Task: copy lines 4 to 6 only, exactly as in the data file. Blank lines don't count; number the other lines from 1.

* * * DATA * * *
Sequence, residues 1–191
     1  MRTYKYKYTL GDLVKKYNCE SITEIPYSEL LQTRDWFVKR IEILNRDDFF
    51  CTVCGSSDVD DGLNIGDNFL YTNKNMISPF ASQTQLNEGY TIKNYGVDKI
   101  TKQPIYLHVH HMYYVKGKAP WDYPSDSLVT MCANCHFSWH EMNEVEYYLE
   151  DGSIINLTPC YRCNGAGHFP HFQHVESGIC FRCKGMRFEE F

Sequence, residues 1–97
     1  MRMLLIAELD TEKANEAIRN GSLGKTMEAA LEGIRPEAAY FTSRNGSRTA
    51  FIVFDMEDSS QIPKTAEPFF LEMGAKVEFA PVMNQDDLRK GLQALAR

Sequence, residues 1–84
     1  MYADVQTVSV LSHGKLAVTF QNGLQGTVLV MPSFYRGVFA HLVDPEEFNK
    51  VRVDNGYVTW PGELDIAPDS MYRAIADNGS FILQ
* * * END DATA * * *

   101  TKQPIYLHVH HMYYVKGKAP WDYPSDSLVT MCANCHFSWH EMNEVEYYLE
   151  DGSIINLTPC YRCNGAGHFP HFQHVESGIC FRCKGMRFEE F

Sequence, residues 1–97